Week 12: Ba bị, mẹ mìn, and ngáo ộp – Vietnamese trinity of child kidnapping Bogeymen

This week on #VNmyth, we take a break from the usual folklore and fairytale, to dive into the more urban legends type of myth with the Vietnamese versions of the Bogeyman

Ma Quỷ Dân Gian Ký: Kho tàng chuyện ma Việt Nam
Ba bị in a recent depiction

I. The lore:

Every Vietnamese grows up scared shitless of three Bogeyman figures. Whenever a child misbehaves or even takes too long to finish a meal, either ngáo ộp or ba bị would be invoked to “motivate” us to behave; whereas mẹ mìn serves as a warning for children to be wary of strangers who are nice to them.

The scariest part about ba bị and ngáo ộp is the fact they have no concrete descriptions. Parents purposely left that part blank so that children’s imagination would take over and create scarier monsters than they ever could. Meanwhile, mẹ mìn was very real and could literally just be any woman you meet on the street.

Of the three, mẹ mìn, being somewhat based on real kidnappers, do not eat the children they kidnap, only sell them for money. While the other two would actually feast on their prey.

Of the lore that bothered to describe ba bị, he’s a type of humanoid monster who would stalk in the darkness and kidnap children to eat. In some modern depictions of the creature, they were drawn with 12 eyes on the face and carrying 3 sacks, each with 3 handle straps. Another way to visualize these “three sacks”–which is definitely more modern than the rest–is that they are pouches in the creature’s mouth, where they would keep the children to eat later. You know, like those of monkeys. Ngáo ộp, on the other hand, is just a generic colossal monster with a huge mouth filled with sharp teeth.

Con "ngáo ộp" khiến trẻ con Việt Nam sợ chết khiếp là con gì?
A possible depiction of ngáo ộp

II. Names meaning and potential origin:

“Mẹ” in “mẹ mìn” means mother, while “mìn” is basically how Vietnamese shortened and changed French’s “Croque Miltaine,” which is what they call their version of the bogeyman–women who kidnap children. However, when Vietnamese children hear “mìn,” they’re more likely to think of “bom mìn” (Vietnamese pronunciation of bombs and mines), I know I did. This, essentially, serves to trigger a flashing danger alarm in our head that says:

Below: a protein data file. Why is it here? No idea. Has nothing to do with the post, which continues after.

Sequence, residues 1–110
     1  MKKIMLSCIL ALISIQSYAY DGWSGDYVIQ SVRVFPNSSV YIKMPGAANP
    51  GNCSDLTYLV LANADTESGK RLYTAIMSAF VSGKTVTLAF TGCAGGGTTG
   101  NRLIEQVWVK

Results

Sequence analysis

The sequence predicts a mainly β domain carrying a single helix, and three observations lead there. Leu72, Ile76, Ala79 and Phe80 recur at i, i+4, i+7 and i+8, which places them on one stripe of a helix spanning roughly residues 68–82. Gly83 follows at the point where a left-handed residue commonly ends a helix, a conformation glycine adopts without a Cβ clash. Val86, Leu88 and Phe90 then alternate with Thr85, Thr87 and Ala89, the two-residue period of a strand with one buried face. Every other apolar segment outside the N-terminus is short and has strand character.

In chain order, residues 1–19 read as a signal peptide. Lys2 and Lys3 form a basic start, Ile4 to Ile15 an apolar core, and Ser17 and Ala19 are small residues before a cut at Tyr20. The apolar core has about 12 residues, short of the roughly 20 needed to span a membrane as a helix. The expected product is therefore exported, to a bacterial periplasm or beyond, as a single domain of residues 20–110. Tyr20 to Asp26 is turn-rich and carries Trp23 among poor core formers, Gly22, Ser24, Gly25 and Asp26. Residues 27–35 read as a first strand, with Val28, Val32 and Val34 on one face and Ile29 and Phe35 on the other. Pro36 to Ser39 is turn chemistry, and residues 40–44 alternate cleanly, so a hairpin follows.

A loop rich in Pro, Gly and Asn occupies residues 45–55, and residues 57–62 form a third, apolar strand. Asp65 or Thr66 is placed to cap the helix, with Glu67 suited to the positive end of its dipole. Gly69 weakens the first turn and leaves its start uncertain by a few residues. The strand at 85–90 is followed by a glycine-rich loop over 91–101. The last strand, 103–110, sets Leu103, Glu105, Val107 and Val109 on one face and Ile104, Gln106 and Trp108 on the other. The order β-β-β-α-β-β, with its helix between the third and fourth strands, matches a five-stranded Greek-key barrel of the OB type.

Basically, “mẹ mìn” is how Vietnamese parents teach “stranger danger.”

“Ngáo” in “ngáo ộp” refers to a huge man from legend. However, nowadays, “ngáo” primarily means “dumb/stupid” or “high (on drugs).” “Ộp” has no meaning in Vietnamese (other than the sound a frog makes, which would make no sense here), so it’s suspected to be our pronunciation of “Ogre.”

“Ba bị” has two possible meanings. The first one is “three sags,” which is rumored to be the tool that that monster uses to kidnap children. The saying: “ba bị chín quai mười hai con mắt” (three sags, nine handle straps, and twelve eyes) is describing them. The second potential meaning is that it’s our pronunciation of “Barbe-Bleue,” based on some of the similarities in their descriptions, which raised all kinds of red flags and give a whole new meaning to how they supposedly “prey on children.”

III. My comments:

_ Regarding the origin of ba bị, there are at least three hypotheses (not counting the “Barbe-Bleue” one), and the debate is still on.

  • First: They are active pirates in the Middle – Northern Vietnam during the 17-18th century. They deal in human trafficking and would often kidnap children to sell abroad. They worked in groups of six, carrying three big sags, each with 3 handle straps. So three sags, nine handles, twelve eyes in total.
  • Second: They are beggars during the famine in the 17th century that would even kidnap children to eat/sell as a desperate method to survive.
  • Third: It’s simply a way of counting (12 eyes here could mean stitches in the sags).
  • 3.5: It could be about Phạm Đăng Hưng, an officials in the Nguyễn Dynasty. However, no reputable sources support this hypothesis, so I’ll classify it as a 0.5 only.

_ A possible explanation for why “ba bị” sounds and looks similar to Barbe-Bleue is that Vietnamese don’t just assign old names to new concepts; we sometimes borrow words and pronunciation but create or change the lore to better integrate it into our culture.

_ In times when child-kidnapping doesn’t occur too often, “mẹ mìn” has also taken on a new meaning, referring to the women who sweet talk, trick, and otherwise kidnap and force young girls into prostitution.

_ Ba bị makes an appearance in Chapter 6, 7 (and perhaps more) of Book 1 of the Half-Dead Series.

As always, if you’d enjoyed reading these, like and share. See you next week!

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